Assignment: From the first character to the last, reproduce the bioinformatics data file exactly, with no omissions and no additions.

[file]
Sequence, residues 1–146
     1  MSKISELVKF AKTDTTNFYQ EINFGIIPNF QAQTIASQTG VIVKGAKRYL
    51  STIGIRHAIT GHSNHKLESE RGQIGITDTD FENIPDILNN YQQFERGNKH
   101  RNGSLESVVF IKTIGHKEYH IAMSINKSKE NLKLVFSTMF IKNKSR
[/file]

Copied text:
Sequence, residues 1–146
     1  MSKISELVKF AKTDTTNFYQ EINFGIIPNF QAQTIASQTG VIVKGAKRYL
    51  STIGIRHAIT GHSNHKLESE RGQIGITDTD FENIPDILNN YQQFERGNKH
   101  RNGSLESVVF IKTIGHKEYH IAMSINKSKE NLKLVFSTMF IKNKSR